Preparing your car for winter: top tips and things to check
Driving in cold weather can be a challenge, read on for our winter car maintenance checklist
It goes without saying that you need to keep your car in good condition throughout the year, but this takes a bit of extra thought in winter. Recovery firms say you’re twice as likely to break down during this season, but there are some precautions that you can take in order to avoid being stuck in the cold.
Now that the cold months have arrived, it’s advisable to take a bit of time to go over your motor and check that everything is as it should be. If you’re not sure where to start or exactly what to check, read on through our checklist to make sure you don’t miss anything.
We’ve included everything from the quick, easy tasks that take no time at all but can make all the difference, such as washer fluid and lighting checks, right up to more serious jobs, including fitting winter tyres. We’ve also included some recommended purchases where applicable.
Winter car maintenance checklist
Despite the added urgency of keeping your car well maintained during the winter, most of the checks are the same ones you would perform during the rest of the year. That said, there are a few points where a bit of extra winter attention wouldn't go amiss.
Check your car battery
Cold and damp weather can put a strain on your car's 12-volt battery. The lower temperatures already make it harder for an engine to turn over, but unfortunately, as any EV driver will tell you, cold weather also has a negative impact on a battery’s power output. If you haven't changed your car battery recently, then it could be tired, and the cold weather could amplify the problem. If the battery struggles to provide enough power to start your car, the chances are it's on its way out.
You can get a home battery tester and most are easy to use. If you do indeed need a replacement battery then, assuming you can start the car, you can drive to your local dealer or car spares shop to buy a new one. Most car battery stockists will also fit it for you.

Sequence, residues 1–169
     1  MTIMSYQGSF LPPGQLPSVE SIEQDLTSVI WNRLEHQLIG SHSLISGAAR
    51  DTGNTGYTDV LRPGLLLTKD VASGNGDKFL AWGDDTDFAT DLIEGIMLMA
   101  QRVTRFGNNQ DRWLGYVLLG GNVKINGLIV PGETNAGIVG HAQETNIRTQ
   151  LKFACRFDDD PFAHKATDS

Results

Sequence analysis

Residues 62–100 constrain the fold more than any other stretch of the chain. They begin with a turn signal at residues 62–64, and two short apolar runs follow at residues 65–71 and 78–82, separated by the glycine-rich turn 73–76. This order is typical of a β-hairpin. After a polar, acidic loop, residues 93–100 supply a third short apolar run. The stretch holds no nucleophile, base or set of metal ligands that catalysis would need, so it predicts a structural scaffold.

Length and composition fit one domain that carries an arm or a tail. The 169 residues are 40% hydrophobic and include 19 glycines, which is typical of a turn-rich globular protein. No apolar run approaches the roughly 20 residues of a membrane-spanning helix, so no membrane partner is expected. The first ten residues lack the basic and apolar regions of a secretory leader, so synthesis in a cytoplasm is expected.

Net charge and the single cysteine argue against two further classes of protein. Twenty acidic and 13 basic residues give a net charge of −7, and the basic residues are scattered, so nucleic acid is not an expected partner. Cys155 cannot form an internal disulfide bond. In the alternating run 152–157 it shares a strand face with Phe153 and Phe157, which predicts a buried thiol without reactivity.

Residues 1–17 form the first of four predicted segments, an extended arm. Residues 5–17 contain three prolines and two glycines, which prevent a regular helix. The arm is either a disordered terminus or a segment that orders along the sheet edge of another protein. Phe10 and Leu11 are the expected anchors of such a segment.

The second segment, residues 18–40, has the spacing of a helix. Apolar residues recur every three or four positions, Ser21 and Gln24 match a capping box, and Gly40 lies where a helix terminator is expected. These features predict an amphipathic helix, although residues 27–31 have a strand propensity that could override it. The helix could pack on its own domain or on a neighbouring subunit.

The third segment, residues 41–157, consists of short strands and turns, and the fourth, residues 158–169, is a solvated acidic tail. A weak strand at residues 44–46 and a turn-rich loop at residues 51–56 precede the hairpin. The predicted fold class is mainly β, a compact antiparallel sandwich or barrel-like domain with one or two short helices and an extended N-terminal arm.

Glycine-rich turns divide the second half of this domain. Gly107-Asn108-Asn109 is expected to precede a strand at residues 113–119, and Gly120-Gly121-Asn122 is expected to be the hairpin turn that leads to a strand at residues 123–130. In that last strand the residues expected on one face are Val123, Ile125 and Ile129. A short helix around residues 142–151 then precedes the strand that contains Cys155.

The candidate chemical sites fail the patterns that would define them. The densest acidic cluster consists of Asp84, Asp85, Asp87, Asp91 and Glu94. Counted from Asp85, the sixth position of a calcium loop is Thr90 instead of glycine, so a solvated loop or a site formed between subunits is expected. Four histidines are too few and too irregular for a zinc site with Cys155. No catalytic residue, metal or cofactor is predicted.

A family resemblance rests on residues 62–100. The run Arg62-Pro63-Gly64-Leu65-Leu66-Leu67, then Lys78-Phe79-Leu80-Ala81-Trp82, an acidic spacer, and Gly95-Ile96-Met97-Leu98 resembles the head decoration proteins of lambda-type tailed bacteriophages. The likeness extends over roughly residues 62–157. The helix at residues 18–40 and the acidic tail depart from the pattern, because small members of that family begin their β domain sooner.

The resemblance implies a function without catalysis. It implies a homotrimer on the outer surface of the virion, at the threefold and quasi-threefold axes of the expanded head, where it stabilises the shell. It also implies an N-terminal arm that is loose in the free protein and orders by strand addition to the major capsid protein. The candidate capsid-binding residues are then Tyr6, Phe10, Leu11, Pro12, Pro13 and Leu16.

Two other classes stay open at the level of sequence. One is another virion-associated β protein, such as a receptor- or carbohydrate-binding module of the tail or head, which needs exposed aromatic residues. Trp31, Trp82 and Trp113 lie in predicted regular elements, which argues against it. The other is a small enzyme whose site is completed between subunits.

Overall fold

Car battery prices vary, and models fitted with stop-start systems need a heavier-duty battery that can cost much more than the standard type, depending on the size, type and the electrical current produced. There are dozens of combinations on offer, so make sure you get the correct one for your car.
If you can’t start your car, but have access to a 12-volt power supply in another car, then you can use a set of jump leads. If you're skilled enough and it's accessible, you could remove the battery and charge it indoors. This can be complex, not least because car batteries are heavy. You should always refer to the owner’s manual.
Antifreeze, as its name suggests, stops the water in the engine’s cooling system from freezing. To test the effectiveness of your antifreeze, an antifreeze tester can be brought from your local car spares shop. To use it, unscrew the coolant reservoir cap under the bonnet (ensuring the engine is cold first), lower the tube into the coolant and squeeze the rubber bulb on the end to suck some antifreeze inside the tester.
You can then read the freezing point of the antifreeze using the scale inside the tester. Replace the antifreeze in the car’s system and replace the cap.
Check screen wash
Winter weather is frequently wet, and this draws all the dirt and road salt from the road surface, so you’ll spend lots of time using your windscreen wipers. Assuming your wipers are in good shape, there’s still a high risk of them smearing grime across the windscreen if your screen wash bottle is empty.